Barron’s notes that decline provides an opportunity to long term investors, “For an investor with a two- to three-year time frame, however, this seems a relatively inexpensive price for a well-managed aircraft-leasing company. On the other side of a putative slowdown, the stock could approach its old high of $50.
A recession would be worrisome in the near term, but Air Lease benefits from two strong, long-term macroeconomic trends that show little sign of ending.
These powerful secular trends bode well for Air Lease, one of four major players and one with a young fleet. Air Lease serves 94 airlines in 56 countries.
The long-term outlook remains positive, says Chris Retzler, a portfolio manager at Needham Asset Management, which holds the shares. “Emerging markets will eventually recover and return to growth, and I like [Air Lease] at these prices,” he adds.
As of the third quarter, the Los Angeles-based company owned 268 aircraft, with a weighted-average age of 3.8 years and a remaining lease term of 6.8 years. Air Lease, which reports fourth-quarter results on Feb. 26, ended the third quarter with its aircraft order book 96% placed through 2019 and 82% placed through 2020 with long-term leases.”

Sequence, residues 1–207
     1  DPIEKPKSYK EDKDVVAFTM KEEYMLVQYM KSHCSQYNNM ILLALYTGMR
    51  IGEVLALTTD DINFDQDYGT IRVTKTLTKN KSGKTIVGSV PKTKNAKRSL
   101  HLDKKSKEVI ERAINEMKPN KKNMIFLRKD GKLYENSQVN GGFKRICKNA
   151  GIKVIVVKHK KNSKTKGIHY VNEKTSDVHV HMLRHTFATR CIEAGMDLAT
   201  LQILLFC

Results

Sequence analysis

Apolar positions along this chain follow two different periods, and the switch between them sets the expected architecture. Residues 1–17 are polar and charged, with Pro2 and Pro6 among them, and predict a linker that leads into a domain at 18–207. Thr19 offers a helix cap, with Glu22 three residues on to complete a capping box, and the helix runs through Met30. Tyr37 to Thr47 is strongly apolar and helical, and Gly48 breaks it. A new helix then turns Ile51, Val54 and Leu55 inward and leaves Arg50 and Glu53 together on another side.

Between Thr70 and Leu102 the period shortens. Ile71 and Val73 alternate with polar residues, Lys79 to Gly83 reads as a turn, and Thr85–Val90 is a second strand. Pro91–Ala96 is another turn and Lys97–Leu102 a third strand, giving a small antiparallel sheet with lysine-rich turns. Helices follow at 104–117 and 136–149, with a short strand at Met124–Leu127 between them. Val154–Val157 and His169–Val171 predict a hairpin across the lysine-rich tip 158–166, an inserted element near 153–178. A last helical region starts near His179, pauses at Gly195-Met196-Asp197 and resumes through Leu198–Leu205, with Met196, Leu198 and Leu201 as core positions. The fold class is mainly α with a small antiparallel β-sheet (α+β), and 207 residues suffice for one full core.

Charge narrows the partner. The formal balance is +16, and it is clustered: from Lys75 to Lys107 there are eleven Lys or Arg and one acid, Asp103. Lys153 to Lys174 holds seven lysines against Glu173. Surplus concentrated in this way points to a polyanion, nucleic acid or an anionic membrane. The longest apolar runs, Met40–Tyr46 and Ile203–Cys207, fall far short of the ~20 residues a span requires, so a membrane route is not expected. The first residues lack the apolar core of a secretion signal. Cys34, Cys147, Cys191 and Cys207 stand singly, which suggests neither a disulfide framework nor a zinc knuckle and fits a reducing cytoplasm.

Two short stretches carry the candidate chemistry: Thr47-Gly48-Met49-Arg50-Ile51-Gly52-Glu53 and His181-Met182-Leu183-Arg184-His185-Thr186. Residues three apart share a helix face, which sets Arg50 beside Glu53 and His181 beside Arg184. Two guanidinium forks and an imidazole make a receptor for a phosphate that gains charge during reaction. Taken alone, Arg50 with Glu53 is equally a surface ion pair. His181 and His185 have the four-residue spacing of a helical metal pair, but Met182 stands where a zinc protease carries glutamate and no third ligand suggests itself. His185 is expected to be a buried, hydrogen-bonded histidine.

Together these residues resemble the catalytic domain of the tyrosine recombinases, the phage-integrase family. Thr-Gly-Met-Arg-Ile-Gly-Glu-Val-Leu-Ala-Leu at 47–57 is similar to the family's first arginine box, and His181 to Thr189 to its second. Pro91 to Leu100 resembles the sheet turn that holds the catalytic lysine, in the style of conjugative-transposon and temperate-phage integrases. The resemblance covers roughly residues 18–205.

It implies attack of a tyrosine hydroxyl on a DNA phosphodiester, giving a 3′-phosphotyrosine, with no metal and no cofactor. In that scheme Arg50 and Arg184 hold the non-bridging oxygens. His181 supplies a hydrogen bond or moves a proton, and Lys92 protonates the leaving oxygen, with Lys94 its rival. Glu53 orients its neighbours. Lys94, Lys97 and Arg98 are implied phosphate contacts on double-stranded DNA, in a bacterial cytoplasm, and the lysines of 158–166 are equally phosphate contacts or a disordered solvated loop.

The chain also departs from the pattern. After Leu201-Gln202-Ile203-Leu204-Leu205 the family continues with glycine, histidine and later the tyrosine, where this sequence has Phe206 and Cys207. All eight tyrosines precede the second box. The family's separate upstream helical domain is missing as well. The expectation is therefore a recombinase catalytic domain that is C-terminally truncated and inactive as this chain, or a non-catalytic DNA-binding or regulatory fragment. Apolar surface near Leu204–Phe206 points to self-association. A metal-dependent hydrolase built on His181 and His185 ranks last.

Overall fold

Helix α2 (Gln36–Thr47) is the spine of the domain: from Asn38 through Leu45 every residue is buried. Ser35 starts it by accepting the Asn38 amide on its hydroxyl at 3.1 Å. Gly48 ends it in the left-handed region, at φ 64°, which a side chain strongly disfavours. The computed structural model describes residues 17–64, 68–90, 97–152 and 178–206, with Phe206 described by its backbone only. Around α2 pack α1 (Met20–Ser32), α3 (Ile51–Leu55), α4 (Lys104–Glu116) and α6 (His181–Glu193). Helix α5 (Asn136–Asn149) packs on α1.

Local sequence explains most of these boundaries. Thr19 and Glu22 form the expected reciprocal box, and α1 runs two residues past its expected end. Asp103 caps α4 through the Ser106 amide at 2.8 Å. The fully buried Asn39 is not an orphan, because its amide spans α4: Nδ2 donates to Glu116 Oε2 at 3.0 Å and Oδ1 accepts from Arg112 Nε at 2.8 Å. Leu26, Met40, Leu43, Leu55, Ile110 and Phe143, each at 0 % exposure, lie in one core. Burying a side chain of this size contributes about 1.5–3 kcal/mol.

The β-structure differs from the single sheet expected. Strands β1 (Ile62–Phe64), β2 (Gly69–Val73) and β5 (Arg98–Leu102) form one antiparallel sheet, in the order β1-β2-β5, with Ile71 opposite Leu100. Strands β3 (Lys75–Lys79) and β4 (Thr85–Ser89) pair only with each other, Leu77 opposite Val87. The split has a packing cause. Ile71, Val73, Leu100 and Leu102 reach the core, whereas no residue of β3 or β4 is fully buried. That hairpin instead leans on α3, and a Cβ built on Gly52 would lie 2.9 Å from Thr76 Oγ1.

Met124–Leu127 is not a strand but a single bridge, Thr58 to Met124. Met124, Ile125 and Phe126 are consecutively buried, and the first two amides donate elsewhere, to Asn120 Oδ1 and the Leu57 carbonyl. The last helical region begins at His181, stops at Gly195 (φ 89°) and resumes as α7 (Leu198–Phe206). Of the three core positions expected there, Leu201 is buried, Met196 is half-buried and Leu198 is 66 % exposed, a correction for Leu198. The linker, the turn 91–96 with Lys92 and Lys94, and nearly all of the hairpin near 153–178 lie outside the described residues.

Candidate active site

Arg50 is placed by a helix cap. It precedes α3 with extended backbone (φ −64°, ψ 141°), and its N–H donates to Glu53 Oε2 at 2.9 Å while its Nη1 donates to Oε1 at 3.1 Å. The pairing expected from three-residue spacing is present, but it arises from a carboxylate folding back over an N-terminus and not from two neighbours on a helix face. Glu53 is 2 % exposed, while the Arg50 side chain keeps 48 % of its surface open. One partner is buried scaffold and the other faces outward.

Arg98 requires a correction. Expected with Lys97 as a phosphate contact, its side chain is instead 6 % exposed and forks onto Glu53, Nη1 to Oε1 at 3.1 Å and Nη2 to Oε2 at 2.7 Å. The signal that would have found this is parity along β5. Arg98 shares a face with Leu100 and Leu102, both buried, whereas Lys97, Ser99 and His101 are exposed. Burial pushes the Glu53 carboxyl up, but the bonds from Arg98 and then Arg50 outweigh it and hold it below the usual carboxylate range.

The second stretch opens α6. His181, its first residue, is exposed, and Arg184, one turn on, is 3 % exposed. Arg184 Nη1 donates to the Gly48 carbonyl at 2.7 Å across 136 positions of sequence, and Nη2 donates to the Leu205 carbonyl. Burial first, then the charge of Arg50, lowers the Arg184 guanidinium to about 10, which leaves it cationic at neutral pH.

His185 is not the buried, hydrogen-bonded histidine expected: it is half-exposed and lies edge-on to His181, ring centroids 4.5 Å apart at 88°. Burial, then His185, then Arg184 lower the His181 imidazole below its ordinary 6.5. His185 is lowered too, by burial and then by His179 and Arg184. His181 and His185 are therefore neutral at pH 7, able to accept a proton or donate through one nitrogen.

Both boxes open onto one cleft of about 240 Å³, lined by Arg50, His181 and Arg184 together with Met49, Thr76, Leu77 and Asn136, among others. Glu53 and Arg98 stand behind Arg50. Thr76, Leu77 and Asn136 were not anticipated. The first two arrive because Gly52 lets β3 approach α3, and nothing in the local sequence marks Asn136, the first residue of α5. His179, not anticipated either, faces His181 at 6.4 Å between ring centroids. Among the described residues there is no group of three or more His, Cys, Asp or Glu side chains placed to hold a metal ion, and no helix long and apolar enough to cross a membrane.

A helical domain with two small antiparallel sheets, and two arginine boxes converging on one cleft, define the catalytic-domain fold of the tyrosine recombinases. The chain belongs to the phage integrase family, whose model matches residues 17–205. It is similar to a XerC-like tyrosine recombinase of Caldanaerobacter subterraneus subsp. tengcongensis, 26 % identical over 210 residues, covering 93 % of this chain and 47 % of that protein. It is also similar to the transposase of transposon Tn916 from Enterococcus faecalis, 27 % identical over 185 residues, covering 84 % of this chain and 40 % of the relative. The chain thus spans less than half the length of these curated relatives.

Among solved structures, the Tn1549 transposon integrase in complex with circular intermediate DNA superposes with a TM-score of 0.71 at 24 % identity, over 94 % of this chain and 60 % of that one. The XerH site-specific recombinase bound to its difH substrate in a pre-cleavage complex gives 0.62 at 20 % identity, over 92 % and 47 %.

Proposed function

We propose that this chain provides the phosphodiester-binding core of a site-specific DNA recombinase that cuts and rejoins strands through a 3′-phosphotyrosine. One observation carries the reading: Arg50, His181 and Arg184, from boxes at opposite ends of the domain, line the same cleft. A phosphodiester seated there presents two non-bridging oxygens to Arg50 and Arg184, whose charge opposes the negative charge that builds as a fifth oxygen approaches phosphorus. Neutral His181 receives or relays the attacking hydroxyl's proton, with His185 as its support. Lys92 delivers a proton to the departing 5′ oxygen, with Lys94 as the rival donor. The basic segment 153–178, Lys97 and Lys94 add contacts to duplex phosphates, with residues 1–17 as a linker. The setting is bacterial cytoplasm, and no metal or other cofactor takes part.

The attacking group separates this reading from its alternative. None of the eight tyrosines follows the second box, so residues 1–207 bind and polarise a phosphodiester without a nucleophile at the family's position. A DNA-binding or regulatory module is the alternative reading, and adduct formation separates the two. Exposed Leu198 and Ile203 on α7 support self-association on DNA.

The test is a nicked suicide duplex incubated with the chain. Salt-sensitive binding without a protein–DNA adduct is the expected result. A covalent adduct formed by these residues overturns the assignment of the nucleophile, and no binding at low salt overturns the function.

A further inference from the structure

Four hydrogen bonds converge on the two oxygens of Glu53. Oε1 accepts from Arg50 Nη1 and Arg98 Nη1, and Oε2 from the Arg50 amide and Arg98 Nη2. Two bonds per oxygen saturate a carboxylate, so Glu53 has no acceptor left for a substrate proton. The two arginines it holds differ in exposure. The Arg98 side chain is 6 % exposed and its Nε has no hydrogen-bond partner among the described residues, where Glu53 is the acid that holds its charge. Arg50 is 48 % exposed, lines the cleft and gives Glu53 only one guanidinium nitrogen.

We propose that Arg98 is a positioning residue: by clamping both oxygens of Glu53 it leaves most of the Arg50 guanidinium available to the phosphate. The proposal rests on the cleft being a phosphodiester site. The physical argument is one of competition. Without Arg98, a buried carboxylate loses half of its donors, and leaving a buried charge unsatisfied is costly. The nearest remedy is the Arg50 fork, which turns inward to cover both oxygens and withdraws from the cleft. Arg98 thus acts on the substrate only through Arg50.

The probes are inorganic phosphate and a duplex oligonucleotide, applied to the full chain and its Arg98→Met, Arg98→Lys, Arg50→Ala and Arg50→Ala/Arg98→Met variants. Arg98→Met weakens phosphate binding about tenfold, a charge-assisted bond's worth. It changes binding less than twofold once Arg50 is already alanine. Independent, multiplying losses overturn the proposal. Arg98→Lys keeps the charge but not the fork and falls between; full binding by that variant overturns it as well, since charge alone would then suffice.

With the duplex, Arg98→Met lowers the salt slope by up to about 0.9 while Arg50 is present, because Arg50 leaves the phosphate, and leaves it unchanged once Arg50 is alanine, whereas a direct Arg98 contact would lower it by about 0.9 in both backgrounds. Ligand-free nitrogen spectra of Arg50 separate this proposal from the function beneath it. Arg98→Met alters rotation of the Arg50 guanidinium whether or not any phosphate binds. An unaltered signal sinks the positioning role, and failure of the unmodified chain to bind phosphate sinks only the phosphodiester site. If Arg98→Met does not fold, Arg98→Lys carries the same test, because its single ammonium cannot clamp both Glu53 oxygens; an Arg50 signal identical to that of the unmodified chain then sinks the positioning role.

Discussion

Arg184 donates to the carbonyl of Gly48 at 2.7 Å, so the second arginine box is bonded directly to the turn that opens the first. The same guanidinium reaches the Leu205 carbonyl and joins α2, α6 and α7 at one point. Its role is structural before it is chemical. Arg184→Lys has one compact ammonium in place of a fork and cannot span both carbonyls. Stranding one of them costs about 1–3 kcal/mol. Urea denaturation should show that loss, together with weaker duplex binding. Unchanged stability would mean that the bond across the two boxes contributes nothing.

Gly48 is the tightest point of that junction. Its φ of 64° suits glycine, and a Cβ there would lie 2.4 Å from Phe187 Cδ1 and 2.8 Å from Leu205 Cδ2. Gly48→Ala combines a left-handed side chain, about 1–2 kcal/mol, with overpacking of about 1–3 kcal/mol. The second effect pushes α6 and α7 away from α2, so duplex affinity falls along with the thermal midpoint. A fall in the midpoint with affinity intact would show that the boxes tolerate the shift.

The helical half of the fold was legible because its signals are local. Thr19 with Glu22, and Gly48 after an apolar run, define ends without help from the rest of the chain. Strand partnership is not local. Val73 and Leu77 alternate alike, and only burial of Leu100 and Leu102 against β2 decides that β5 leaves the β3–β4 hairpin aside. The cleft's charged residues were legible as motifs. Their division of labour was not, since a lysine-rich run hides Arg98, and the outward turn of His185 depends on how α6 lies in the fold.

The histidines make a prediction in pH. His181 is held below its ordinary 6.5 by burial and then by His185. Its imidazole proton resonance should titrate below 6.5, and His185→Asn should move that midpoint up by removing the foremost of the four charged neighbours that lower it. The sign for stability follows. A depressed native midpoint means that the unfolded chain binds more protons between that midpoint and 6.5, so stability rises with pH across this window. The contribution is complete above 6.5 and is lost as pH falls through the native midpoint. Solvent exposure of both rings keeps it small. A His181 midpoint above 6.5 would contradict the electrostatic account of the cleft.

Risks to Consider
The company’s appealingly high return on equity is likely to decline in a recession, but the shares also trade at a price/earnings ratio of five times the consensus earnings-per-share estimate of $5.30 this year, compared with an historical median P/E of 14.
Barron’s considered the downside risks, “Let’s posit that a recession chops EPS to about half of that, or $2.65. Cyclical company P/Es contract in good times—like now—but expand in bad, and a recessionary valuation of 10 times gives a price of nearly $27, 15% below the current level. The dividend yield is 1.6%.
In prior years, Air Lease’s stock dropped ahead of recessionary concerns and then recovered within a couple of years. In good times, airlines lease aircraft to get access to more planes, and in bad times they lease aircraft to replace planes they have had to sell to bolster their balance sheets.
A global contraction will hurt, and new airline entrants, particularly across Asia—the fastest-growing market—could go belly up. That would be tough for the leasing industry to swallow in the medium term.
Yet the stock discounts much of that, and the risk-reward looking out a few years seems attractive.”
AL is an excellent example of how an investor could proceed from trend to stock. The trend in this case is the fact that the world’s population is increasing the number of potential air travelers. There are a number of ways to trade that idea.
AL could be appealing because it does not have to worry about fare wars or other operational questions airlines must consider. AL simply provides airplanes to companies that must address those questions. This makes it an interesting long term investment opportunity.